Many of our readers have probably started to see baby birds fluttering around the house and back yard by now. It's also the time of the year when the refuge receives calls from the public about injured or abandoned baby birds and nestlings.
It is our human nature to help a baby bird that looks as though it has fallen out of a nest. The chick either tried leaving the nest prematurely, may have fallen out or was learning to fly. In some cases our help is appropriate, in other cases it is not.
If you find a naked helpless baby bird on the ground, try to locate its nest. It should be close by. Look in heavy brush, hollow tree branches and in shrubbery. Some birds, such as juncos and robins, are ground nesters, so the nest may not be in a tree, but on the ground or in shrubs.
Even if you find another nest of the same species with nestlings in it, put the baby there. This is especially successful for swallows, or if the baby is still naked and blind. If the baby bird seems warm and active, put it back in the nest immediately.
Don't worry that because you have touched the chick its parents will abandon both it and the nest. The parent birds may abandon a nest they are building if it is bothered, but they are not likely to abandon a nest once the eggs have hatched.
If you find a feathered baby bird that is not in a dangerous situation (dogs, cats, roadways), it is best to leave it alone. The parents are probably nearby and will take care of the baby. If there is danger nearby, return the baby to its nest, or at least move it out of harm's way.
If you find a baby duck, shorebird or grouse, try to locate the parents and the rest of the brood. Release the baby nearby and leave the area so the adults and baby may find each other by calling. These babies are feathered and can feed themselves even if the parents do not find them right away.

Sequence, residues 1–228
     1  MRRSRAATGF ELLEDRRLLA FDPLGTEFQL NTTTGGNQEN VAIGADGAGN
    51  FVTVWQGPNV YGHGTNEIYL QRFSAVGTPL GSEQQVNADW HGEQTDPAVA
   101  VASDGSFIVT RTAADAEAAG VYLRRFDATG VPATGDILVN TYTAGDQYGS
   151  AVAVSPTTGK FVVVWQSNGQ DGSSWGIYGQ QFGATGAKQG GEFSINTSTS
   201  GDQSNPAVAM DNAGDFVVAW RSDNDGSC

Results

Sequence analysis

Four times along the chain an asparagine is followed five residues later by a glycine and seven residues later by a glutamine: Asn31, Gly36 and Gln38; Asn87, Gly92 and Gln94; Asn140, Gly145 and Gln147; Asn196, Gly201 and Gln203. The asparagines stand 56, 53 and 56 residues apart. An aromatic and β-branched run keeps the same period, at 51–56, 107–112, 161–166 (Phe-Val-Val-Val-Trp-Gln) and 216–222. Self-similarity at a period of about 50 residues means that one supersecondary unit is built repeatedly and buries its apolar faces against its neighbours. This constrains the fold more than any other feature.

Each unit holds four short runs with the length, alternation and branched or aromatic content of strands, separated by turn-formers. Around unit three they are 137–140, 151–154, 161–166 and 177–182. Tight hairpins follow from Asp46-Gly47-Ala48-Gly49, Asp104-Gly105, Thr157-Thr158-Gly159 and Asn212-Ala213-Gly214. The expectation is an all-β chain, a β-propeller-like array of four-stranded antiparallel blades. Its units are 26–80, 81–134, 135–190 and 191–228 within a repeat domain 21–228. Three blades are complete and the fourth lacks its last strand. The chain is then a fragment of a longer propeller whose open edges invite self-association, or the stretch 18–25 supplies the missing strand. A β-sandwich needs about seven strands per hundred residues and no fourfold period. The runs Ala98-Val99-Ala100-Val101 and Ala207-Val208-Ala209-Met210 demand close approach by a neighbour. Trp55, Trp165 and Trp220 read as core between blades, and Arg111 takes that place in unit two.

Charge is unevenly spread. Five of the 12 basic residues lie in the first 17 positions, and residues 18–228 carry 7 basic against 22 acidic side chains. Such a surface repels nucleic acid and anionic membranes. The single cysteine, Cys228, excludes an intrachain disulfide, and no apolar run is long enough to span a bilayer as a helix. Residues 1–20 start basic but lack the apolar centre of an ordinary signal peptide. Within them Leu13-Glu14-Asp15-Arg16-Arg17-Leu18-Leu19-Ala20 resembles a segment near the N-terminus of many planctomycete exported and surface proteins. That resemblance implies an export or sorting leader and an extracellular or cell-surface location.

The worst-case scenarios are where the parents have been injured or killed, the nest blown down or destroyed or the baby injured, cold, or lethargic.
In these situations I suggest calling Cindy Sherlock (262-1459). Cindy is a licensed wildlife rehabilitator in the Kenai-Soldotna area who specializes in baby songbird care.
Well-meaning people bring us baby birds every spring. Some of these baby birds are cold and weak and need immediate care, but the healthy feathered ones should have been left alone.
While the Kenai refuge is fortunate to have a network of experienced baby bird rehabilitators, humans nevertheless make poor substitutes for bird parents. If you happen across a small ball of feathers learning to fly, resist the temptation to rescue it. Its parents are probably not too far away.
-- Liz Jozwiak
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